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Become More Productive by Slowing Down

November 5, 2012

Do you come back from vacation and,  just a day later, the slower memories of a more leisurely pace are a distant memory?  So much to do, so little time….

The organizations of today  are under unrelenting pressure with constant change and the mandate to do more with less. And with email, cell phone, web sites, blogs, facebook and other social media,we are constantly bombarded with information. No wonder we feel like we are always behind.  By always focusing on immediate demands, there is no time to really think, to plan, to strategize, to be creative.  I sometimes wonder what I did with all of my free time before I had a website, several email addresses and a blog.

In a recent article in Time Magazine  Peter Bacevice discusses  how  “slow work” can make us more productive.

Researchers suggest that we alternate between “mindful” activities that require cognitive focus,  and “mindless work” , such as routine administrative tasks that can be more restful.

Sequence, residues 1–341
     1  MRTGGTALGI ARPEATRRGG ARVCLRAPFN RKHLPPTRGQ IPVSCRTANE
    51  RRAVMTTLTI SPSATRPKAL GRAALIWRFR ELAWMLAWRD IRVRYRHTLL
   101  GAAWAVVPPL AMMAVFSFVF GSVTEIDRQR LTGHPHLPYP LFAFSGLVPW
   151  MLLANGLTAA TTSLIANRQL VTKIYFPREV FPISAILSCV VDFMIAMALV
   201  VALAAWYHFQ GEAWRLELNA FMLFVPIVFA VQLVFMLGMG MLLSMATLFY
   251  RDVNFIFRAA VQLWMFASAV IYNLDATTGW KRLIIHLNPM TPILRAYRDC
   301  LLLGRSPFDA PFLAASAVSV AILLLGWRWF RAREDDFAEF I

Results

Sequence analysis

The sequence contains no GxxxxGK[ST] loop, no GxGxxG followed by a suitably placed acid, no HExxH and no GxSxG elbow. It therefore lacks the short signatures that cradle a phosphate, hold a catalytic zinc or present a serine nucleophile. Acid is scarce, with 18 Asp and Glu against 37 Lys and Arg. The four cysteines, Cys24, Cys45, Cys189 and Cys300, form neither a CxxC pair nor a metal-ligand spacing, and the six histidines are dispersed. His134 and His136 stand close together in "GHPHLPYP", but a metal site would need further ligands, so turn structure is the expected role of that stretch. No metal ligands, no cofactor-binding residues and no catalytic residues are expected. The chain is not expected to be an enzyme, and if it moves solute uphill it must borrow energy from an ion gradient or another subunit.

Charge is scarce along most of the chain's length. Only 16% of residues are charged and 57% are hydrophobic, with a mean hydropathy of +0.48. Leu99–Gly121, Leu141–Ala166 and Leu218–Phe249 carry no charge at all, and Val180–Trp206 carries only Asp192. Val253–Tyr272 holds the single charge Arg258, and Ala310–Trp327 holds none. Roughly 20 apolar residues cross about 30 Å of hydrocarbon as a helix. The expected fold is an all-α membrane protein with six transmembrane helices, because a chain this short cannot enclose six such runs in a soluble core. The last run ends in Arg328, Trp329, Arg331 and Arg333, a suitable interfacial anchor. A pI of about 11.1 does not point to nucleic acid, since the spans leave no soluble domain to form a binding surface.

Here are two ways to handle short-term demands yet have the energy for  long-term creativity.

1.  Block out time for yourself

No interruptions, no meetings.  This alows you time to work on the important tasks that are crucial to your work, but are frequently set aside to address immediate demands.  This also give others the message that you are using your time for maximum productivity.   I sometimes tell people that  the reason I started my own business was to go to less meetings, and so I can structure my day by mixing up tasks in a way that works for me .  When I am tired or drained, I do administrative work that is routine and is restful.

2. Vary your routine 

Take your laptop to the cafeteria or another quitet space in your building. Or better yet, get  out of your office and go to a park or an outdoor cafe or coffee house. One of my clients absolutely cannot work from home.  There are just too many distractions.  She found an outdoor cafe by a gym she uses.  There she  can people watch and  have lunch with a friend.  In this environment she is amazingly productive and  creative.  Years ago  I  was sometimes blocked when  I had to write reports for an organization.  When that happened I would go to a coffee shop and complete the report with little difficulty.

“For fast acting relief, try slowing down.”

 Lily Tomlin

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